Michele Bachmann has campaigned in all of Iowa’s 99 counties. Rick Santorum has held more than 250 events in the state since June. But some Iowans may have seen more of Rick Perry than anyone else.

The Texas governor’s leathered face and cowboy twang have become constants on televisions across the state. Indeed, when Perry’s campaign bus pulled up to a pizza shop here Friday, there the candidate was, on the television above the bar, slickly delivering his latest pitch: “I’m Rick Perry. I’m not ashamed of talking about my faith.”

Perry, the one-time Republican presidential front-runner whose campaign torpedoed after a string of poor debate performances and public speaking gaffes, has turned to one advantage he has to pull himself back into contention: his money.

One of the strongest fundraisers in the field, Perry has bought at least $1.6 million worth of television advertisements in Iowa through Sunday, more than any other candidate. About three-quarters of that has been on negative spots attacking his opponents, according to an analysis by Kantar Media/CMAG.

That has bestowed on Perry an air of dominance in the state. But it is not clear whether his ubiquity on the airwaves will push him back into the front of the pack. With only days until Tuesday’s first-in-the-nation caucuses, the question is whether Iowans will give Perry the second chance he is seeking.

“I’m asking you to vote your conservative values, values I learned growing up in a little place called Paint Creek,” Perry told about 100 voters at Doughy Joey’s in Waterloo on Friday. “Some talk a good game, but I’ve delivered.”

On the stump, Perry’s pitch sounds like a kitchen-sink variety of the lines he utters in his commercials. He says he’s an outsider not corrupted by the influences of Washington who would make Congress a part-time institution. He says he’s an Air Force veteran who would grow the military and take it to a nuclear Iran. He says he’s an opponent of gay marriage and abortion rights who quotes the prophet Isaiah.

A new NBC-Marist poll shows Perry’s support growing to 14 percent, a statistical tie for third place with former House speaker Newt Gingrich and a surging Santorum. Former Massachusetts governor Mitt Romney led with 23 percent, followed by Rep. Ron Paul (Tex.) at 21 percent.

Perry is in a race with Gingrich, Santorum and, to a lesser extent, Bachmann to finish in the top tier here and remain a viable candidate heading into the New Hampshire and South Carolina primaries. To that end, he has branded those three as “Washington insiders,” assailing them for their records in Congress.

“You have to ask yourself, we’re gonna replace a Democrat insider with a Republican insider, you think it’s gonna change anything in Washington, D.C.?” Perry told about 100 voters in Waterloo on Friday.

It’s a message calibrated to appeal to Christian conservatives and tea party activists. Judging by the applause he received, it’s going over well. But the question folks are asking as they take Perry’s stock is whether he’s a flawed messenger.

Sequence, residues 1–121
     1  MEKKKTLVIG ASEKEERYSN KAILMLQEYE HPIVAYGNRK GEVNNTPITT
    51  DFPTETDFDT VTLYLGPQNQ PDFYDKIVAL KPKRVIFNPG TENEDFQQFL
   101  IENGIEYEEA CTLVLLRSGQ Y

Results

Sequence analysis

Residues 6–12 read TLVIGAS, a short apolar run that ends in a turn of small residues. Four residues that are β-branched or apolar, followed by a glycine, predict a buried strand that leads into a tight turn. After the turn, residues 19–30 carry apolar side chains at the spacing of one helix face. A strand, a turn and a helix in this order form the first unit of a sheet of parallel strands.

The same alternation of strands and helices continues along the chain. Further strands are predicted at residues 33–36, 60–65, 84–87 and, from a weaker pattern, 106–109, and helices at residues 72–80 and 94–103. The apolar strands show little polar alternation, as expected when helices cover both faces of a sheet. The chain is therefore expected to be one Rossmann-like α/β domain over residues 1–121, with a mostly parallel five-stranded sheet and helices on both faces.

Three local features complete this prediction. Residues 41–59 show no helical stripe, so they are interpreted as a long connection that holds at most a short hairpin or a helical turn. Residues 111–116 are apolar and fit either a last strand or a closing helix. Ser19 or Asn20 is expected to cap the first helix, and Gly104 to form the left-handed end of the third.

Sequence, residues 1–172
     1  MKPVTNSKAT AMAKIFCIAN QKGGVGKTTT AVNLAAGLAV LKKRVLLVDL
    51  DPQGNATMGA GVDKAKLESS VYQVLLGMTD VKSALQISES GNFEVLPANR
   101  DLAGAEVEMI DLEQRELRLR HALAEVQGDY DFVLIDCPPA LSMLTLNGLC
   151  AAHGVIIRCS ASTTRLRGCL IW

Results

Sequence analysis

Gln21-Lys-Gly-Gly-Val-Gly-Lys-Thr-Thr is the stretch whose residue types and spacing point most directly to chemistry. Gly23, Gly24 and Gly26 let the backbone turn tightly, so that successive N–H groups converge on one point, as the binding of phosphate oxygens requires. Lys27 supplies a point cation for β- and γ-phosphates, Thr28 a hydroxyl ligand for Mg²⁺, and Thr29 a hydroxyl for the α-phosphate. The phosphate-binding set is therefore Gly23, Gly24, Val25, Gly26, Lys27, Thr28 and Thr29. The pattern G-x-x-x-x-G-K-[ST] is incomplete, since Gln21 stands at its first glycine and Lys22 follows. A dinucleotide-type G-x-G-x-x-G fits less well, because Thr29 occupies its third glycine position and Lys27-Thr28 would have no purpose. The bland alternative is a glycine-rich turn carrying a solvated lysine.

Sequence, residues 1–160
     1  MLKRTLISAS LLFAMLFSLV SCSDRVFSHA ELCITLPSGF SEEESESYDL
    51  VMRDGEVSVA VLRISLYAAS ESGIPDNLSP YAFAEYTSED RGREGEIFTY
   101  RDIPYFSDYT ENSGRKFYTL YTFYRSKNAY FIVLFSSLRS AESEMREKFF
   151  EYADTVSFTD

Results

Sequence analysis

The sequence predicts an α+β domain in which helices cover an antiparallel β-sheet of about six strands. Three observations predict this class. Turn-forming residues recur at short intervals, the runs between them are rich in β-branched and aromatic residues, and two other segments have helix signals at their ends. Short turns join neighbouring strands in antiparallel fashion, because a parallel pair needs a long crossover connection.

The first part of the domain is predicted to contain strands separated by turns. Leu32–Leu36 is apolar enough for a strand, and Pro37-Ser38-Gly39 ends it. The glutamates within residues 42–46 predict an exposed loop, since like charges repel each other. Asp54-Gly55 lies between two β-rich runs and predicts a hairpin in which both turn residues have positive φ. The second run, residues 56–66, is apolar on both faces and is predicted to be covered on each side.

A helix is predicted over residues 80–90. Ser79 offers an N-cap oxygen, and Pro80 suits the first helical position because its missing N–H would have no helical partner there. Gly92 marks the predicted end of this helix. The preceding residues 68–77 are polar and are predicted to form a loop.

“His ads are pretty good,” said Joe Dygas, a retired farm equipment dealer in Ankeny, Iowa. “But Ron Paul’s ads are pretty good, too, and I wouldn’t vote for him in a million years.”

“If I were Dr. Frankenstein and could take parts of different candidates,” he said, “I’d take Romney’s business management skill and presidential demeanor, Newt Gingrich’s knowledge of history and Herman Cain’s passion and ability to speak at the common-man level.”

What part of Perry would Dygas take?

“I just don’t know how I’d fit Perry into that,” he said.

Perry is working furiously to change the minds of voters such as Dygas, hoping they might remember why they were drawn to him this summer. Perry is one of the strongest fundraisers in the race, bringing in $17 million for his campaign in the third quarter, more than any other candidate. He relied heavily on wealthy donors from Texas giving the maximum $2,500 contribution.

He has spent $2 million on television ads, all but about $300,000 of that in Iowa. He far outpaces the other candidates. Paul, the second-highest spender, has run about $1.3 million in television ads, according to the Kantar Media/CMAG analysis.

Meanwhile, Make Us Great Again, a so-called super PAC run by one of Perry’s close confidants, has spent heavily in Iowa, boosting Perry’s candidacy and attacking his rivals. The group can accept donations of any size, allowing even a small number of wealthy benefactors to put a steady stream of funds behind Perry.

Perry’s advisers believe the advertisements are working, citing a noticeable uptick in the number of volunteers requesting yard signs, bumper stickers and offering support in the caucuses.

Perry’s communications director, Ray Sullivan, said the campaign is not draining its resources in Iowa, insisting that it has socked away money to compete in New Hampshire and South Carolina.

“We’ve got ample resources and obviously a strong, proven financial network in place,” he said.

When Perry rocketed to the top of the field upon announcing his bid in August, he made his Iowa debut here in Waterloo. He was swaggering as he worked the Electric Ballroom, schmoozing with scores of local Republicans to the strains of “Deep in the Heart of Texas.”

The candidate who returned to Waterloo on Friday was a different Rick Perry. Gone was the gusto. As he spoke, he looked down at his black binder of typed notes. He told some of the same stories — of his long courtship of his wife, as well as the five Sullivan brothers from Waterloo who died during the sinking of a World War II vessel — but his tone was more subdued.

Did Perry win folks over?

“Well,” said Loren Miller, 81, a retired farmer who drove 30 miles north from La Porte City, Iowa, to size Perry up. “I’m still toying a little.”

Staff writer T.W. Farnam contributed to this report.